About Haiku Detector

A friend of mine discovered Times Haiku, and said she’d love to be able to check for haiku in her writing, challenging her friends to write a script to do it. I knew I could, having already learnt how to find the syllables in words using the built-in Mac speech synthesis while creating my robot choir. So I wrote Haiku Detector in my next free weekend, and found some haiku in wikipedia, New Scientist, John Scalzi’s Old Man’s War, some scientific papers about the Higgs discovery, and my own blog. A few days later I made some improvements, and found more haiku in New Scientist, Edwin Abbott Abbott’s Flatland, Douglas Adams’ Last Chance to See, and some scientific works by Charles Darwin and J.G. M’Pherson. Since then I’ve found haiku in various other texts, including The Princeton Companion to Mathematics, the works of Lewis Carroll and Edgar Rice Burroughs, and several more issues of New Scientist. They can all be found in the Haiku Detector category.

You can download Haiku Detector for free; it should work in Mac OS X 10.7 and up.

Screenshot of Haiku DetectorJust paste or type text into the top part of the window, and any detected haiku will appear in the bottom part. Then you can copy individual haiku, copy them all (Copy All Haiku in the Edit menu) or save them to a file (Save in the File menu.)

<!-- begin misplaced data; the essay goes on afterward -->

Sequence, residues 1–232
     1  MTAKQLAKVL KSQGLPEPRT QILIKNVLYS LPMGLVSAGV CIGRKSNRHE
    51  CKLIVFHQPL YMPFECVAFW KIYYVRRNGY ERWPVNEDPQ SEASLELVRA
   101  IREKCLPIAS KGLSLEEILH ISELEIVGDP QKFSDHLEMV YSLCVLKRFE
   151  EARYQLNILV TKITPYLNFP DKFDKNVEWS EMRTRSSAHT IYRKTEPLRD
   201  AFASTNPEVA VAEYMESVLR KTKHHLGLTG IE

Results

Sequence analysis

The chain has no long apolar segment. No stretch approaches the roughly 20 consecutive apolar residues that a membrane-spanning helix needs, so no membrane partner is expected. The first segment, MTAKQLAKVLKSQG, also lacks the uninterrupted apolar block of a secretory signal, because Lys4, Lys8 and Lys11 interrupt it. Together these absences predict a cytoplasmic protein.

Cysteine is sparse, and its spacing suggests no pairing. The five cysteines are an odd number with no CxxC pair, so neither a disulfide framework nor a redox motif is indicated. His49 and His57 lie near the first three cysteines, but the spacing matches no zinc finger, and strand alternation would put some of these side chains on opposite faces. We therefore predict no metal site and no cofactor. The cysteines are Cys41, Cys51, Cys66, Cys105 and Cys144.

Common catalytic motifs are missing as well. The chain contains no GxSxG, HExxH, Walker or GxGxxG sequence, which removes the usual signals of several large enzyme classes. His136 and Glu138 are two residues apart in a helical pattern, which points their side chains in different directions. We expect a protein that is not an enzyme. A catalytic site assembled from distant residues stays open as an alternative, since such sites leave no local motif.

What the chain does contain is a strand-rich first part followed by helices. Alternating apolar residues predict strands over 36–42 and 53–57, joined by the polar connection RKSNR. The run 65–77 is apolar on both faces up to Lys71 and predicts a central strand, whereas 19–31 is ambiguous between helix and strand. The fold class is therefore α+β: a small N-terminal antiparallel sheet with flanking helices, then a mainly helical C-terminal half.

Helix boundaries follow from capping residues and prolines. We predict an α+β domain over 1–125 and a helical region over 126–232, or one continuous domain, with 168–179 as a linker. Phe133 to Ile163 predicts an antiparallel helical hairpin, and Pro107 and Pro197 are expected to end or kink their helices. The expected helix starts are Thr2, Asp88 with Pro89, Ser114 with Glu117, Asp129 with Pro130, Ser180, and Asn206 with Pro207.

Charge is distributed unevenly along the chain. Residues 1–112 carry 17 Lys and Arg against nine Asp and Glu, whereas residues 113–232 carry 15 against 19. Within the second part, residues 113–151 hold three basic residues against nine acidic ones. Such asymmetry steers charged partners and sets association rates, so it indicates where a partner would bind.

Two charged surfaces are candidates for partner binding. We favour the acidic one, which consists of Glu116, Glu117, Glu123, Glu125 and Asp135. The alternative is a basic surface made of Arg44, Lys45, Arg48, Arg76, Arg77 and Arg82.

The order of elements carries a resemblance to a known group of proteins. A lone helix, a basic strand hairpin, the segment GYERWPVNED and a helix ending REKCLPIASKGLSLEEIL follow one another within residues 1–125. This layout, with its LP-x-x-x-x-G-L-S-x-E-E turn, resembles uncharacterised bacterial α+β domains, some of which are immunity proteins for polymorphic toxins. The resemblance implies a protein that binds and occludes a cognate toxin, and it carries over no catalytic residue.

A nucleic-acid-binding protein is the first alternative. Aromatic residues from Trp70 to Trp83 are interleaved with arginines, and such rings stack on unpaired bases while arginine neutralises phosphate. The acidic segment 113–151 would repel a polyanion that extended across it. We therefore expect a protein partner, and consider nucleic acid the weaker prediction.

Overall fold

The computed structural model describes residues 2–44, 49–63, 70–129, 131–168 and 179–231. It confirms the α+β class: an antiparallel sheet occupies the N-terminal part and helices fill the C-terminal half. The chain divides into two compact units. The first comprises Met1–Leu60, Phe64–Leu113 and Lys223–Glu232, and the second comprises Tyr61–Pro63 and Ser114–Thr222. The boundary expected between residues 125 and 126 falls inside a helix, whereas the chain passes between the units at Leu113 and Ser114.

Haiku Detector looks for sentences or sequences of sentences with a total of seventeen syllables, and then goes through the individual words and checks whether the sentence can be split after the fifth and twelfth syllables without breaking a word in half. Then it double-checks the last line still has five syllables, because sometimes the punctuation between words is pronounced. The Times Haiku-finding program has a database of syllable counts per word, but I didn’t need that since I can use the Mac OS X speech synthesis API to count the syllables. Haiku Detector makes no attempt to check for kigo (season words.) At some point I intend to learn to use a natural language parsing library add some kind of learning algorithm so that Haiku Detector can work out which sound best as haiku, based on the word classes at the line breaks.

  1. Unintentional Haiku from New Scientist on The Unknown Universe | Creative Output
  2. Unintentional Haiku Spoken in a Courtroom 241 Years Ago | Creative Output
  3. Haiku Detector Achieves its Purpose (and will now proceed to have an existential crisis) | Creative Output
  4. Haiku Detector Update | Creative Output
  5. Another Haiku Detector Update, and Some Observations on Mac Speech Synthesis | Creative Output
  6. Accessibility is for Everyone | Creative Output

Leave a Reply

Fill in your details below or click an icon to log in:

WordPress.com Logo

You are commenting using your WordPress.com account. Log Out /  Change )

Twitter picture

You are commenting using your Twitter account. Log Out /  Change )

Facebook photo

You are commenting using your Facebook account. Log Out /  Change )

Connecting to %s

%d bloggers like this: